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Is Sprint’s Ad Against The AT&T And T-Mobile Merger Transphobic Or Just Dumb?

THE SHOT - Sprint’s advertisement against the proposed AT&T and T-Mobile merger puts a cigar-smoking man in a dress with the tagline: “No matter how you dress it up, this takeover is bad for consumers and the economy.” Why’s a man in a dress gotta be bad, huh? He’s no Alexis Mateo or Manila Luzon, but would getting outraged over this be like Sarah Palin getting outraged over the idiom, “putting lipstick on a pig”?

Image via The Dallas Voice

By:           Daniel Villarreal
On:           May 10, 2011
Tagged: , , , ,

  • 23 Comments
    • VagrantMan
      VagrantMan

      You’re over thinking it.

      May 10, 2011 at 3:48 pm · @ReplyReply to this comment ·
    • john
      john

      Not trans phobic at all. Stop reading so much into it. It’s the T-Mobile girl’s dress on a slimy business man–a mash-up of the two companies images.

      May 10, 2011 at 3:50 pm · @ReplyReply to this comment ·
    • Roger Rabbit
      Roger Rabbit

      This merger should not be allowed because AT&T and T-Mobile are the only two companies using GSM format in the US, while it is being used exclusively in Europe and South America.

      THIS MERGER WILL GIVE AT&T A MONOPOLY ON GSM IN THE UNITED STATES. Anyone wanting to use a phone and be able to swap GSM chips will ONLY be able to use AT&T phones, thus eliminating competition for this type of phone.

      I agree! BAD Idea

      May 10, 2011 at 3:54 pm · @ReplyReply to this comment ·
    • J. R. Braden
      J. R. Braden

      @Roger Rabbit: Queerty wasn’t making a comment on the politics of the merger, it was simply overreacting–as usual–to a picture of a man in a dress, as if only women, trans women, and gay men lip-synching are allowed to wear dresses.

      It’s not about gender identity: they put a disgusting businesspig in T-Mobile’s trademark pink dress to show that the mascots we’re told to think of when we think of companies are only disguises for pigs like this.

      May 10, 2011 at 4:45 pm · @ReplyReply to this comment ·
    • PerplexedStudent
      PerplexedStudent

      You’re overthinking it, and artificially framing the question in the article title.

      The “faux-outrage” is really tiresome–not everything is a slight against the community.

      May 10, 2011 at 5:03 pm · @ReplyReply to this comment ·
    • divkid
      divkid

      naaah, just uglyphobic.

      May 10, 2011 at 6:33 pm · @ReplyReply to this comment ·
    • Michi Eyre
    • Shannon1981
      Shannon1981

      I don’t think things like this are deliberately transphobic, but we need to get away from the idea that there is something freakish about transgender women, that it is ok to laugh at them,etc. That’s the problem here. The fact that this ad was run at all, anywhere, means that in the minds of many, laughing at the trans community is still ok. It isn’t.

      May 10, 2011 at 10:17 pm · @ReplyReply to this comment ·
    • Michi Eyre
      Michi Eyre

      As one of the people who was involved in complaining about this campaign, I felt that it was not an appropriate way to encourage the public to contact Congress to stop the AT&T takeover of T-Mobile when we are also trying to get people to contact Congress to pass a trans inclusive ENDA.

      The “man in the the dress” has been the main piece of fear that our opponents have been putting into the ears of legislators in the battleground states and I did not feel that it is bad timing.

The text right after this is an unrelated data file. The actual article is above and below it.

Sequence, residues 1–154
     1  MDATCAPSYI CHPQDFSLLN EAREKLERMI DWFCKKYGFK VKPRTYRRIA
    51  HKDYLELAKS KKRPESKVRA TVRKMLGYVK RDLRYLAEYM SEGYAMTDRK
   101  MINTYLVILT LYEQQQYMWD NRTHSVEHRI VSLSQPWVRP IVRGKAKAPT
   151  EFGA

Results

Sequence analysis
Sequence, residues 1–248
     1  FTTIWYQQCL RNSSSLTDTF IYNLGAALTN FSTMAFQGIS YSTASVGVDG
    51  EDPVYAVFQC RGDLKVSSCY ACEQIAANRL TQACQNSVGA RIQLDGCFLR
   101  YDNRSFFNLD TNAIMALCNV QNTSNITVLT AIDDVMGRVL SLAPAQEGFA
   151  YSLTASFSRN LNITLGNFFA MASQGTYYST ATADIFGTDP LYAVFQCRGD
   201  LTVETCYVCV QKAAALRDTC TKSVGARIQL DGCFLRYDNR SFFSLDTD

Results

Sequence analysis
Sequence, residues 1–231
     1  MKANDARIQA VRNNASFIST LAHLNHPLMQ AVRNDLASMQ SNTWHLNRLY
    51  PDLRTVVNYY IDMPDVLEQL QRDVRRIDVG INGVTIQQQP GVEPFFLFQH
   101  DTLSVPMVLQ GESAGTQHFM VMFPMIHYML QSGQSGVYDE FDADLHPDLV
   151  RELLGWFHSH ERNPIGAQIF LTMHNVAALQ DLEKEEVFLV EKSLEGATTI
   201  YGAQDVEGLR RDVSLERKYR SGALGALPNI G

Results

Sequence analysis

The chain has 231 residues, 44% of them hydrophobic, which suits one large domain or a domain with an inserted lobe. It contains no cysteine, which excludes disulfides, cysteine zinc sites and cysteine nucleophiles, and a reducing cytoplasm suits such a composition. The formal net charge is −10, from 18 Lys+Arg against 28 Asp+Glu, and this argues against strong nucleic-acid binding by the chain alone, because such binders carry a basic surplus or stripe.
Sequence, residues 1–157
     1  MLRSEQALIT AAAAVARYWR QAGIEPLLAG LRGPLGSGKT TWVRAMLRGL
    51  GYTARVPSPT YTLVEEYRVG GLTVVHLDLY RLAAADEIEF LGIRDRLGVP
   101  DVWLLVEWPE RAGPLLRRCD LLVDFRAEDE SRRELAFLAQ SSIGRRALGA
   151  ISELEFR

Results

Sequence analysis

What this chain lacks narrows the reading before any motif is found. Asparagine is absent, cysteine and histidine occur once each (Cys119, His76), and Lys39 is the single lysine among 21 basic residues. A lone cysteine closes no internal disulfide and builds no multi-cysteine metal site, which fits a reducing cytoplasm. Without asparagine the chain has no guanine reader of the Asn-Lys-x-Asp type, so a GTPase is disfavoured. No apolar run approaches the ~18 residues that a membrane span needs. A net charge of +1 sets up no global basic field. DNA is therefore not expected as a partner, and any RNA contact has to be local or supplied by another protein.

Some of the organizations who “approved” this ad are ones that I am indirectly allied with through my work in low power community radio and feel that one cause that is promoting the advancement of oppressed members of the community at the expense of others.

      With all of the legislation as well as the recent crimes, such as Chrissy Polis, the image of the man in a dress, no matter how comedic it may appear, is not the right image that any 501(c) advancing civil rights and representation should be forwarding.

      It turns out that some of the organizations whose names appear on the advertising copy did not see the actual ad copy and therefore, the approval was blind.

      I have already received word from Media Access Project and from Center for Media Justice, two organizations that I called out in my open letter, that transphobia has no place in their organizations.

      I have also received word that the website associated with this campaign will also be torn down.

      I thank these organizations for their quick responses to my complaints as well as other complaints that were received by Sprint, the sponsor of the message.

      My organization, REC Networks, while the founder (myself) is transgender, it is not a GLBT advocacy organization but is involved in media justice issues that do include access to the airwaves for GLBT organizations.

      Michi Eyre
      founder, REC Networks
      http://recnet.com

      May 10, 2011 at 10:56 pm · @ReplyReply to this comment ·
    • VagrantMan
      VagrantMan

      @Shannon1981: So we’re not allowed to laughed at an ugly dude in a pretty dress?

      May 10, 2011 at 11:17 pm · @ReplyReply to this comment ·
    • Jaime Renee
      Jaime Renee

      While kind of silly to me, I wouldn’t call it transphobic and wouldn’t really give it a second glance if I saw it somewhere. I think we need to save our outrage for things that are intentional misreprentations of trans women.

      May 10, 2011 at 11:27 pm · @ReplyReply to this comment ·
    • Chris Reynolds
      Chris Reynolds

      I have to wonder if the people commenting on this as not being transphobic are actually transgender?

      This ad is quite clearly putting out the idea that there is something inherently strange about men in women’s clothing.

      This is no different than the Superbowl Snickers ad where two men “accidentally kissed” and presented it as something gross and weird.